Incident Scene: The victim and his coworker were the only two people working at the commercial construction site. Both employees were working during the weekend as instructed by their immediate supervisor, but the general contractor had no knowledge that subcontractor employees were working on the day of the incident. They were preparing the site for installation of a one-inch water pipe. The 5-foot 8-inch wide open-ended trench sloped from ground level downward to a depth of 2-feet 9-inches. The deep end of the trench stopped a few inches from a newly constructed foundation wall. The soil around the sloped trench was damp/wet and the bottom of the trench was muddy.
Weather: On the day of the incident, the weather conditions were cool with overcast clouds.
On the day of the incident, the victim and one coworker, an apprentice plumber and equipment operator, were on site to prepare for the installation of a one-inch water pipe. The victim had installed a pipe on the outside of a newly constructed foundation wall 24 inches below ground level. A 3-foot long 6-inch diameter PVC sleeve was placed around the water pipe cut-off valve to allow for future access. The non-written procedure was to backfill the excavation with sand. The plumber was standing in the trench supporting the pipe to prevent movement or breakage of the pipe while sand was poured around the pipe.
The victim was in the trench holding the sleeve over the valve with his right hand, while his coworker used a skid-steer loader (Figure 1) to haul a bucket of sand over to the area and the victim used his left-hand to guide him. The skid-steer loader bucket was filled with sand (Figure 2) and the bucket was elevated higher than the victim’s head. As the coworker approached the edge of the trench, the left tire shifted in the damp/wet dirt and the skid-steer loader tipped forward (Figure 3). The victim had a shovel in the trench to place sand around the sleeve, but the pair were attempting to dump the sand directly from the loader. As the skid-steer loader tipped forward, the bucket struck the victim in the head and then pinned his left arm against the wall of the excavation.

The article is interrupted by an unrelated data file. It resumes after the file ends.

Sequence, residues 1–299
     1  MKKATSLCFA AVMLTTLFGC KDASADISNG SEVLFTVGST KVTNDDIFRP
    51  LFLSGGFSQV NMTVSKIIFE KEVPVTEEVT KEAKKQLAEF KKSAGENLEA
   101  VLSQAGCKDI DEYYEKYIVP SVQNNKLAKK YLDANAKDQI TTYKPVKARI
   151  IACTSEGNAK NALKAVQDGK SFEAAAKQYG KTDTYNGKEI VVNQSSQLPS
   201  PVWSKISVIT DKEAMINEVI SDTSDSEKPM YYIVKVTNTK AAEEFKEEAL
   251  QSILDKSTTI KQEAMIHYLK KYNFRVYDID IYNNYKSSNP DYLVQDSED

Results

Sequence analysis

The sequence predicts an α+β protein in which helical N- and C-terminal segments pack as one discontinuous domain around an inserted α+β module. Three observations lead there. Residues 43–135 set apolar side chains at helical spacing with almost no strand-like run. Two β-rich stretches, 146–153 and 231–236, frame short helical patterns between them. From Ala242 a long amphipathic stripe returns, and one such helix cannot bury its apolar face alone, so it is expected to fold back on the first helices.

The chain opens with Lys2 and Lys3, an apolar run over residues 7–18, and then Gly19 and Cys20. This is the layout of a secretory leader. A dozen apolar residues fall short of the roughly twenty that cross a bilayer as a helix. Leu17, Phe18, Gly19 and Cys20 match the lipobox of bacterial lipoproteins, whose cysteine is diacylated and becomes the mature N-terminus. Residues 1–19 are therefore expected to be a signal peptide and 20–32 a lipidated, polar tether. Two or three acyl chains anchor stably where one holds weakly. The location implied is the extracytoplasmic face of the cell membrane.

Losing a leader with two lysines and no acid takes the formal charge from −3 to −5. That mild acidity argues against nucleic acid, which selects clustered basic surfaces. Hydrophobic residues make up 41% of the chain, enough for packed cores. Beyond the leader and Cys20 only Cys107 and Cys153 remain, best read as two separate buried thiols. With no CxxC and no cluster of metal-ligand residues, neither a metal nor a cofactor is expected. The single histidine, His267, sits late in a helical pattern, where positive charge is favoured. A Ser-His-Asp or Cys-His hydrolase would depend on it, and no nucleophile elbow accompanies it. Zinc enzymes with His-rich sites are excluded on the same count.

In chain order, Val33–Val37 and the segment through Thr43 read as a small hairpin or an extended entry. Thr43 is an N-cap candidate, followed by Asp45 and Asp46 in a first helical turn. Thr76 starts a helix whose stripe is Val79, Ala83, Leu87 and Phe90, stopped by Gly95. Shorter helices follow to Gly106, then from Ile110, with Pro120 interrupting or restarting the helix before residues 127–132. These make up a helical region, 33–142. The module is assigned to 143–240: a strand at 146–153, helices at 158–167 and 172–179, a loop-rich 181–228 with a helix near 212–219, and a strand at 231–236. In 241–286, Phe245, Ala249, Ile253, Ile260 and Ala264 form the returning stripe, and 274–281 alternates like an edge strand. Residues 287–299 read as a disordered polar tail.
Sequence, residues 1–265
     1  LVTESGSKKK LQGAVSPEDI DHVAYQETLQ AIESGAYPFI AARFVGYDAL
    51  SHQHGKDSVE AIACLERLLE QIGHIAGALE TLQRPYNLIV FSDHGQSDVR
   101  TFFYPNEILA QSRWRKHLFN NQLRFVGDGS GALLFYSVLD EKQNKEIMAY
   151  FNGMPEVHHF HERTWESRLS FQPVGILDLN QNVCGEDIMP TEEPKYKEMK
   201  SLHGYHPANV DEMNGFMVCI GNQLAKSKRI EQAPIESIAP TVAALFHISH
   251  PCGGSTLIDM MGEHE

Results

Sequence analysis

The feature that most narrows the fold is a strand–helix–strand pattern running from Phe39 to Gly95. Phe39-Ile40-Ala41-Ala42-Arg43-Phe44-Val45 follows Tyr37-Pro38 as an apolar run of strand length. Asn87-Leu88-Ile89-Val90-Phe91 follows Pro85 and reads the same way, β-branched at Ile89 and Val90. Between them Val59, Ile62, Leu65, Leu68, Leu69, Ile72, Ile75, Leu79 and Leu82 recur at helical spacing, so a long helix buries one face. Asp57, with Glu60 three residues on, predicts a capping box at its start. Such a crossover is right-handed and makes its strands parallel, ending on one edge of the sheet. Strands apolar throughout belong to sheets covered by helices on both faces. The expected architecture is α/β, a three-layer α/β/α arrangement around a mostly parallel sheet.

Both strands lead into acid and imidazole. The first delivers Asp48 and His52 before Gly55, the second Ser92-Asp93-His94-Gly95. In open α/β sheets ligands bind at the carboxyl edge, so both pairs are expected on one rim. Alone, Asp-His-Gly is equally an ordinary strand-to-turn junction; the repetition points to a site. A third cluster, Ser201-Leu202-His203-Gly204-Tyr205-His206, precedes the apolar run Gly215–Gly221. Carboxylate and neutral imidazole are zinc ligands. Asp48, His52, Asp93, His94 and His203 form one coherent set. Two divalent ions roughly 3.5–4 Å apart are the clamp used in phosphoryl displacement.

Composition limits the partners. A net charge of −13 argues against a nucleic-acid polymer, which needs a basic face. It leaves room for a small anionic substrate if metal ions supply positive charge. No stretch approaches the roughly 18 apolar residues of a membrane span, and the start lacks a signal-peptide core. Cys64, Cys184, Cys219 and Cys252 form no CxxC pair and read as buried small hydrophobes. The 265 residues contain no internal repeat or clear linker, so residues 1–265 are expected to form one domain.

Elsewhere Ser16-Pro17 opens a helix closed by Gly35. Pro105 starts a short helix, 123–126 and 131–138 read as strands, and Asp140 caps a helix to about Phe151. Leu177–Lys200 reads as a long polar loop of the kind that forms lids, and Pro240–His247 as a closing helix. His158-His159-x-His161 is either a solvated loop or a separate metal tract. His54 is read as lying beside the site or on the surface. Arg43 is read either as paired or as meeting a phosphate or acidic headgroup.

The coworker immediately dismounted the loader, observed the victim’s situation, and used a cell phone to dial 911. The local fire department arrived at the scene in less than five minutes. The winch and a cable from the fire department’s brush truck was used to stabilize and tip the loader backwards, freeing the victim’s arm. The victim was transported by helicopter to the hospital and pronounced dead shortly after arrival to the emergency room.
Cause of Death
The Medical Examiner’s report listed the cause of death as head trauma.
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Recommendation # 1: Employers should ensure that employees are not positioned underneath elevated loads handled by lifting or digging machinery.
Discussion: Employers should ensure that employees are not positioned underneath elevated loads during loading or unloading. Employees positioned under elevated loads can be struck by spillage or falling materials. According to OSHA standards, no employee shall be permitted underneath loads handled by lifting or digging equipment. Backfill material could have been placed into the excavation with the skid-steer loader bucket without the victim standing in the trench. After backfill material had been placed under the water pipe, the victim could have held the PVC sleeve in place while his coworker used the available shovel to finish placing and packing sand around the sleeve and water pipe.